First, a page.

Connecticut raptor populations soar, while some coastal wading birds face pressure
Recent decades have brought a remarkable population bounceback for some of Connecticut's most charismatic birds of prey. But that same time span also brought new pressures to coastal-nesting communities of wading birds like night-herons and egrets.
That's according to the latest "State of the Birds" report from The Connecticut Audubon Society, which called specific attention to the strong recovery made by bald eagles, peregrine falcons and ospreys in Connecticut.
The Connecticut Audubon Society called the osprey “a truly remarkable conservation success story.” Ospreys, which currently number more than 800 nesting pairs in the state, are benefiting from some modern technology – using everything from billboards to cell towers to build nests.
Bald eagle nests can be found in 67 of the state’s 169 towns. The editor of this year’s report, Tom Andersen, called that a “significant and amazing achievement,” even though bald eagles are still listed as a state-threatened species.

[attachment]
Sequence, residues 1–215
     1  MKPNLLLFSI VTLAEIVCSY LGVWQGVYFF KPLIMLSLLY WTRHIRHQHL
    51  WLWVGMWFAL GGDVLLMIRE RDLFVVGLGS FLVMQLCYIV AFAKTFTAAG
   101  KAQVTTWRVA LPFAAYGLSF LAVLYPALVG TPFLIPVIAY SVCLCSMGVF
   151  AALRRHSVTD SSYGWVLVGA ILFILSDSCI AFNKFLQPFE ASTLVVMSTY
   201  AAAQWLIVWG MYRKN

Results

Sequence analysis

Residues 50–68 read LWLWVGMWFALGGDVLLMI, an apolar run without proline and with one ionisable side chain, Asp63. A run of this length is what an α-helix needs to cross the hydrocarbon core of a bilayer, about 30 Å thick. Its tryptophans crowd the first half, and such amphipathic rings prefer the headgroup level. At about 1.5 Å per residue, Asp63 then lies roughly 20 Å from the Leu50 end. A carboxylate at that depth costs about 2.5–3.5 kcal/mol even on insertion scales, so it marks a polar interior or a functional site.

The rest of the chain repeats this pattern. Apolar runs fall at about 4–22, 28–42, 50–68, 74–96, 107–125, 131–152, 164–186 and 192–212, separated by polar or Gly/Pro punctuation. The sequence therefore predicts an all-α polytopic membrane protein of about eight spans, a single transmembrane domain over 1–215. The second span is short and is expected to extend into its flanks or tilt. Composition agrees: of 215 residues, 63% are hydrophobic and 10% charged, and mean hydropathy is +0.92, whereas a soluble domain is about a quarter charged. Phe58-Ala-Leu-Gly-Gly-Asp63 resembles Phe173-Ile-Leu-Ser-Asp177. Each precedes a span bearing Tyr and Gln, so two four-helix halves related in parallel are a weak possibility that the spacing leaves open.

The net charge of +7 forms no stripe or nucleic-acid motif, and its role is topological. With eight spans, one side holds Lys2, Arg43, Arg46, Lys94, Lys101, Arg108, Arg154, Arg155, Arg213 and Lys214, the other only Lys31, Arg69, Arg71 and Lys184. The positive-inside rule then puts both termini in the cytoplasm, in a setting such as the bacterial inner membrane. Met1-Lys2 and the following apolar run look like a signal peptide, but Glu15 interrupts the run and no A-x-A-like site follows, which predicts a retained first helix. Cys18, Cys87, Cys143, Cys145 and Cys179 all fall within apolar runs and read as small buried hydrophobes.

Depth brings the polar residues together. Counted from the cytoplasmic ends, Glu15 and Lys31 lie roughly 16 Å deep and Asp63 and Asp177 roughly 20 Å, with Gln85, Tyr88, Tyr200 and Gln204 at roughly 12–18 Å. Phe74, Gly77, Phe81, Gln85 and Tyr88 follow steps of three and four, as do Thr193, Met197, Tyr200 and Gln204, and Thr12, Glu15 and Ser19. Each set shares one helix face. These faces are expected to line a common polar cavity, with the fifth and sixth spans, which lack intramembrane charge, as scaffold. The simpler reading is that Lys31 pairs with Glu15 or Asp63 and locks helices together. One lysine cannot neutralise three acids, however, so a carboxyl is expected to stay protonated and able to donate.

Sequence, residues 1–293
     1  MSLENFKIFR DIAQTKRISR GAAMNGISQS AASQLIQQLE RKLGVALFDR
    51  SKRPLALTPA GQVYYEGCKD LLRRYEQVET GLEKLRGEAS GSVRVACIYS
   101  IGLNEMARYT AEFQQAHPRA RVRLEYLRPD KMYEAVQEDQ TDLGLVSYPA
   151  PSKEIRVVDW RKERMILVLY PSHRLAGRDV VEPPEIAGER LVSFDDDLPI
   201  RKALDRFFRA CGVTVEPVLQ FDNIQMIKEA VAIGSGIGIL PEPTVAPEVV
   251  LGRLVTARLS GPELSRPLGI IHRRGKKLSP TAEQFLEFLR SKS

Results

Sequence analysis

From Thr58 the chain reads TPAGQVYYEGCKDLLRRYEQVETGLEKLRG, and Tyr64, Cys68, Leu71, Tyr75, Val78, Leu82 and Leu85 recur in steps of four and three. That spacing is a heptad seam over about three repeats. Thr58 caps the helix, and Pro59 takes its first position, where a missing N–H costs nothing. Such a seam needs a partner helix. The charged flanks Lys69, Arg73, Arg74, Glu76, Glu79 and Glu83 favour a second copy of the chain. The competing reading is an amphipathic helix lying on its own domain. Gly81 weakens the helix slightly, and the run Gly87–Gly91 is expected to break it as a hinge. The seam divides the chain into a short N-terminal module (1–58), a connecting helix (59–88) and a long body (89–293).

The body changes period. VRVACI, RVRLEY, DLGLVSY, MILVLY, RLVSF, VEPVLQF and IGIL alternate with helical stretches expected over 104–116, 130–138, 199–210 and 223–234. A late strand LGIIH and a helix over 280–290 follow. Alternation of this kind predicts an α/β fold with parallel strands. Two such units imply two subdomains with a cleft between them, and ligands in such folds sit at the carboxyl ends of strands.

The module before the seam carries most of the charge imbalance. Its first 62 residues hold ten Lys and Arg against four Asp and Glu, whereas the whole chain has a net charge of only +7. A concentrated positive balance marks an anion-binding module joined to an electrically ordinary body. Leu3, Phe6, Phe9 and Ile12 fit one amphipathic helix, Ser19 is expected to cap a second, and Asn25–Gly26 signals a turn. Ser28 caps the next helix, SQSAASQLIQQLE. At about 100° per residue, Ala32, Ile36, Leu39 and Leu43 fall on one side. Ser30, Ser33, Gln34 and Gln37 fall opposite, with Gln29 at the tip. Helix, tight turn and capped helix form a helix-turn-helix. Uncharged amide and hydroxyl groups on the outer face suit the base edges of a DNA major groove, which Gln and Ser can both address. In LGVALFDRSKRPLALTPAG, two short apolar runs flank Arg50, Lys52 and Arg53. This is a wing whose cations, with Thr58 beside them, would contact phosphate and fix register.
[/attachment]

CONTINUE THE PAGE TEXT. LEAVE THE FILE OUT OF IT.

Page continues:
Peregrine falcons are also considered a threatened species in the state, but their numbers are slowly growing. In the 1980s, the raptor couldn’t be found in Connecticut, but in 2022, 12 known active nesting territories were identified. Like ospreys, they can take advantage of man-made structures to build nests and rear their young.
But human behavior is negatively impacting coastal wading birds like herons and egrets, according to the Connecticut Audubon Society. The report says their populations have been decreasing since the 1980s.
More than a century ago, plumage from egrets was highly valued by hunters, leading to the extermination of many rookeries along the eastern seaboard. Conservationists intervened and populations began to recover, but as Connecticut’s suburbs grew, populations of racoons began to flourish, which was more bad news for wading bird nests on islands in Long Island Sound.
“They were wiped out on the Norwalk islands because raccoons were able to swim across and feast on the eggs,” Andersen said. “White-tailed deer swam across and ate the vegetation that the herons and egrets needed to nest.”
Today, coastal wading bird nesting colonies are restricted to five islands in Long Island Sound, according to The Connecticut Audubon Society.
Andersen also said wading birds don’t tolerate the presence of humans anywhere near their nests. So keeping undeveloped areas, particularly in Long Island Sound, wild is crucial.
He said there’s not much that can be done about the racoon and deer populations so we must do our best “to protect the remaining uninhabited islands in the Sound so that there are places for those birds to expand to when the population starts to grow again.”